So back to Afghanistan and the Mappa pieces. Each one depicts a map of the world; each country consists of its respective national flag woven across it. Boetti would prepare the templates in Italy using up-to-date borders and flags but everything from thereon in was in the hands of the Afghan weavers and each piece would take up to five years to complete. They are exquisite pieces of craftsmanship and collaborative art as well as a geopolitical documentary of the changing world order from the middle of the cold war until the fall of communism. In the final map, the red Soviet bloc is suddenly peeled away to reveal many different new nations. Most remarkable is the colour of the sea. In most pieces, the weavers have rendered the oceanic expanse in hues of blue but now and again there is green, even pink. Living in a landlocked country, these were women who had perhaps never seen the sea; their choice of thread colour is both utterly pragmatic and wonderfully unruly.

“Alighiero Boetti: Game Plan" is at Tate Modern until 27 May 2012

Thomas Calvocoressi is Chief Sub (Digital) at the New Statesman and writes about visual arts for the magazine.

This article first appeared in the 13 February 2012 issue of the New Statesman, Boris vs Ken

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"By now, there was no way back for me": the strange story of Bogdan Stashinsky

Serhii Plokhy’s The Man with the Poison Gun is a gripping, remarkable Cold War spy story.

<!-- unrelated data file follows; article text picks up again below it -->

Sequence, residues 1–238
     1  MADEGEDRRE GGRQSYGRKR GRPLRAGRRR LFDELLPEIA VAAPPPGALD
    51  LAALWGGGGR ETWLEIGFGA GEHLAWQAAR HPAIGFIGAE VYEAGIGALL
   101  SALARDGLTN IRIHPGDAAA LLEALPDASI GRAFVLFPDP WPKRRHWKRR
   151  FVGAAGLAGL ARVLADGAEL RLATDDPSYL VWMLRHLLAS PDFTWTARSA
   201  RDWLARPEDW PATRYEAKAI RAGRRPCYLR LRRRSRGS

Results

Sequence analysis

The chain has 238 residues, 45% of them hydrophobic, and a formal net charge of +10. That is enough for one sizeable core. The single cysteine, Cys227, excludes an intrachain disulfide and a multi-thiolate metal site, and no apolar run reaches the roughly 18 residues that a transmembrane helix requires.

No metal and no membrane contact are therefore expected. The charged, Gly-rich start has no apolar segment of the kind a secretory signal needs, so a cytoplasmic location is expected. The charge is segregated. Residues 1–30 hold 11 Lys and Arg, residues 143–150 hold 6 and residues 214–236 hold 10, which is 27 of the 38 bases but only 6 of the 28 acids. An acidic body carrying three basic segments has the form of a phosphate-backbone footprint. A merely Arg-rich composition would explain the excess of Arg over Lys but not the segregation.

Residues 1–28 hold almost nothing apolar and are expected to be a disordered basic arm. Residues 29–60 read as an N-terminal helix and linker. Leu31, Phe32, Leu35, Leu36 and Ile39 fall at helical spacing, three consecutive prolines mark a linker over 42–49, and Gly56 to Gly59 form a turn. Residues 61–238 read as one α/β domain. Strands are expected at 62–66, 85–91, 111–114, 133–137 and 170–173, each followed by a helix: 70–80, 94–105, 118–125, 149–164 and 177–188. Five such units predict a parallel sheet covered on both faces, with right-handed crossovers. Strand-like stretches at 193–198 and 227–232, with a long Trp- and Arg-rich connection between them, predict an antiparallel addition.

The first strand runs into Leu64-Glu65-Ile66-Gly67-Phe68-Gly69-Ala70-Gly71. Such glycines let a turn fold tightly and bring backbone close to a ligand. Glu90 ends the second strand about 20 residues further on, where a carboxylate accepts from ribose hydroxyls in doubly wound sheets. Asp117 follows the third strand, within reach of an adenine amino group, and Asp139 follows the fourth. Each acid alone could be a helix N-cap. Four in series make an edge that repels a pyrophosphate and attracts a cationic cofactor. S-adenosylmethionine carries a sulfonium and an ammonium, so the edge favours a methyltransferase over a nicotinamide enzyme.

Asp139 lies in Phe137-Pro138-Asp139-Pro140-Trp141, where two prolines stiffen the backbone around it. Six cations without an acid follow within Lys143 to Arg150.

On the morning of 12 August 1961, a few hours before the supreme leader of East Germany, Walter Ulbricht, announced the sealing of the border between East and West Berlin, a funeral took place for a four-month-old boy at the Rohrbeck Evangelical Cemetery in Dallgow. Numerous KGB agents and officers of the East German ministry of security were in attendance, but the boy’s parents were missing. Instead, Bogdan Stashinsky and Inge Pohl were preparing their imminent escape from Soviet-occupied territory and into the West. They had intended to flee the following day, but the funeral provided a moment of opportunity when their surveillance was relaxed. If they wanted to go, they had to go now.

“The KGB operatives present at the child’s funeral were puzzled by the parents’ absence,” a Soviet intelligence officer later wrote. “By the end of the day on 13 August 1961, it was clear that the Stashinskys had gone to the West. Everyone who knew what tasks the agent had carried out in Munich in 1957 and 1959, and what could happen if Stashinsky were to talk, was in shock.”